Research shows…

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    3-and-a-half reasons why a TV show does not result in an increase in suicide attempts and ideation

3-and-a-half reasons why a TV show does not result in an increase in suicide attempts and ideation

Last summer, Netflix’s show 13 Reasons Why caused public concern about the risk of suicide contagion among teenagers – particularly in those who have suicidal thoughts. The show portrays the suicide and aftermath of a teenage girl who documents her reasons for the suicide in a series of audiotapes. Psychotherapists, school social workers and teachers expressed apprehension about the […]

Contemporary child protection on the internet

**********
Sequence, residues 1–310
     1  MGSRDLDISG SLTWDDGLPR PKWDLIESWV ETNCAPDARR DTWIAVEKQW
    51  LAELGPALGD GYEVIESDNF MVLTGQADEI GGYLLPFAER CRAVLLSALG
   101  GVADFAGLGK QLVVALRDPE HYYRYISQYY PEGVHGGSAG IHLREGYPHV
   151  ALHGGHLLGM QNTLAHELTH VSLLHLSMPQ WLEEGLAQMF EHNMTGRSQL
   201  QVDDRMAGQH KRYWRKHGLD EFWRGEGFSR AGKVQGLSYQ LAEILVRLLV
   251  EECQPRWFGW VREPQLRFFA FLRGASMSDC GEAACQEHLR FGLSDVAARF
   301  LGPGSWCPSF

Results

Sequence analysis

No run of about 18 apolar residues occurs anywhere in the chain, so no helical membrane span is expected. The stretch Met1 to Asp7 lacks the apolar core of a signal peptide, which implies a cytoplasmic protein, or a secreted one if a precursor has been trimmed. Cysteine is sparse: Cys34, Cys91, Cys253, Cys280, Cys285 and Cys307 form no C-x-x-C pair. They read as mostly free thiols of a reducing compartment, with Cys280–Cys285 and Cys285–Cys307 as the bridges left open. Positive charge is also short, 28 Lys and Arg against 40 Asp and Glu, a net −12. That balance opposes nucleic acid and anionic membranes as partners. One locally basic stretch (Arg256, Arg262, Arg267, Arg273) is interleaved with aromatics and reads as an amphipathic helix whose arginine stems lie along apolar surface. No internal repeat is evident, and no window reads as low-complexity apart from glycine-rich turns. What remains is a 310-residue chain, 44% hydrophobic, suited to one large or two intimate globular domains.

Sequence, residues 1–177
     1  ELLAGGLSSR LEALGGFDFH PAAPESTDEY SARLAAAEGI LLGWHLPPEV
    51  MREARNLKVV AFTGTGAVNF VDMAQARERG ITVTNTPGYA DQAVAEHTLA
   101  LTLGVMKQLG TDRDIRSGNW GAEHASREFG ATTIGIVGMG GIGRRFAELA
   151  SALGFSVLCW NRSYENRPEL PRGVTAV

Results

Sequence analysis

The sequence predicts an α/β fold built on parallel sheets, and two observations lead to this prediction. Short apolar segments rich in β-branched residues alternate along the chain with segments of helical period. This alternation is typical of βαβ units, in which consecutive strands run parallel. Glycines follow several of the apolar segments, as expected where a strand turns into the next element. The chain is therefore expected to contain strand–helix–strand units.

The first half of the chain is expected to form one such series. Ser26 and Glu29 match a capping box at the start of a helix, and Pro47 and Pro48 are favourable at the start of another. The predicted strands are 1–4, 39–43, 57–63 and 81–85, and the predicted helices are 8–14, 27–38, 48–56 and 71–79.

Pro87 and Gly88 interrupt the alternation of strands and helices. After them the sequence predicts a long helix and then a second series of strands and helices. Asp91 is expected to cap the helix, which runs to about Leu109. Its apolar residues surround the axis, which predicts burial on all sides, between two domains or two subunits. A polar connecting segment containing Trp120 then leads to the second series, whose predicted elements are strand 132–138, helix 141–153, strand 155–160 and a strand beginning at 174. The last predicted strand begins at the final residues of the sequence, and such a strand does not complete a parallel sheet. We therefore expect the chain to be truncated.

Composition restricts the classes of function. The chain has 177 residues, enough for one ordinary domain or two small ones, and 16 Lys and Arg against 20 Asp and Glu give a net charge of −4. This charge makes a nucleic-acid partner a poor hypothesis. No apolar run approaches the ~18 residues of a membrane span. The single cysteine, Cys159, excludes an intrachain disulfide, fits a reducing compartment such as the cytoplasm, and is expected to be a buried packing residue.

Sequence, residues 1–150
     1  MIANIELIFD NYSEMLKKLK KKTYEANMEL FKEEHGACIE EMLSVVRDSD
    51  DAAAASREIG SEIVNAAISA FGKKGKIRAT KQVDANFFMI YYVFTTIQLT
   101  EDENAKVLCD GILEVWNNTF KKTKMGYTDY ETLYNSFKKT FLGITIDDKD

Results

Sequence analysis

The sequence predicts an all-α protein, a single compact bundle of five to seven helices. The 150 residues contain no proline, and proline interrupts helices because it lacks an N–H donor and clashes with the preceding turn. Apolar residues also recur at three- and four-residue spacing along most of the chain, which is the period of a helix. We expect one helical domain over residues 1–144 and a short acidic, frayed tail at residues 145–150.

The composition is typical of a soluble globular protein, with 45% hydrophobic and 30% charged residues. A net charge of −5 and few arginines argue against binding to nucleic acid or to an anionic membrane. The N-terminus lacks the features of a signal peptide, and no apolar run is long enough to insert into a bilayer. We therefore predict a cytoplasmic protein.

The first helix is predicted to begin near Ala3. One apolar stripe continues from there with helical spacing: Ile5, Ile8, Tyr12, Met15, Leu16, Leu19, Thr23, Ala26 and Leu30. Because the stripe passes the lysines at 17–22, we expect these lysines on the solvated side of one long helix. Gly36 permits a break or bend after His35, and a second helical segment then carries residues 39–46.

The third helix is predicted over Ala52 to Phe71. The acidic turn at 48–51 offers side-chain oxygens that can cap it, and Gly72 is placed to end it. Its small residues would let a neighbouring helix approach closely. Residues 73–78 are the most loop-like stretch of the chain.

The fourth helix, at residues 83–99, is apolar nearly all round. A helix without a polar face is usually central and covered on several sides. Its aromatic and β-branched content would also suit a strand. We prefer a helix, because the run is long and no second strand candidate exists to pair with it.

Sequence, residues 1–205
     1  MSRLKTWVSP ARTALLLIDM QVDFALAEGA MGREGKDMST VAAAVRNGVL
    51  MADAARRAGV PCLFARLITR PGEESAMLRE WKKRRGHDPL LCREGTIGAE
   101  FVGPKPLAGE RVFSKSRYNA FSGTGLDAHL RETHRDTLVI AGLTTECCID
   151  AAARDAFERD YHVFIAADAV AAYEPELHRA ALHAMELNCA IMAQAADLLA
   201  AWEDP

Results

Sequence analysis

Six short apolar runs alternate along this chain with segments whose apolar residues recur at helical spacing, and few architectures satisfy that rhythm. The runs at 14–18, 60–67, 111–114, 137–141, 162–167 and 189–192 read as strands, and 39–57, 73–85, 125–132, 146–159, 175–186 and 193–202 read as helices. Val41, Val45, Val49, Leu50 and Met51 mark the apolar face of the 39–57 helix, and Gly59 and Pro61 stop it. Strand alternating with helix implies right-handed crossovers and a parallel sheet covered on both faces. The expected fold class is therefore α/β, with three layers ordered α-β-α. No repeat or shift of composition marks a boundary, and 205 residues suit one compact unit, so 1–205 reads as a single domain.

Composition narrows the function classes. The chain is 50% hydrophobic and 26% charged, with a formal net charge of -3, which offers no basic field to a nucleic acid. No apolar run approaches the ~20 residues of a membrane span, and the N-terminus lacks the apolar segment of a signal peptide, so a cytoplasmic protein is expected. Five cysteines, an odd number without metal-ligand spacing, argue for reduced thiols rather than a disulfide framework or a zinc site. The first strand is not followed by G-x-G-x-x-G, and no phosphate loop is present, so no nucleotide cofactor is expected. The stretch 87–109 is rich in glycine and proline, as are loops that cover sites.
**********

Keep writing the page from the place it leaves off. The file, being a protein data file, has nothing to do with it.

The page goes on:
On 25 May 2018, the General Data Protection Regulation comes into force in Europe. The technical tools designed for child protection often cannot keep pace with the rapid innovation of digital applications and in this post, Jutta Croll explores the complexities of keeping children safe online. Jutta is heading the project ‘Child Protection and Children’s Rights in the Digital World’, and is […]

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    Can we make our girls responsible for their safety online? Myths and facts about sex and the internet

Can we make our girls responsible for their safety online? Myths and facts about sex and the internet

While there is little evidence to show that teenagers face more risk of social harm online than they do offline, a study into the social media practices of teenagers in Spain has found that gender constitutes a trigger of risk in a society that blames women for the aggressions they suffer. This post asks how can such victim-blaming might […]

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    Competence or distraction: Why Indian parents view social media differently

Competence or distraction: Why Indian parents view social media differently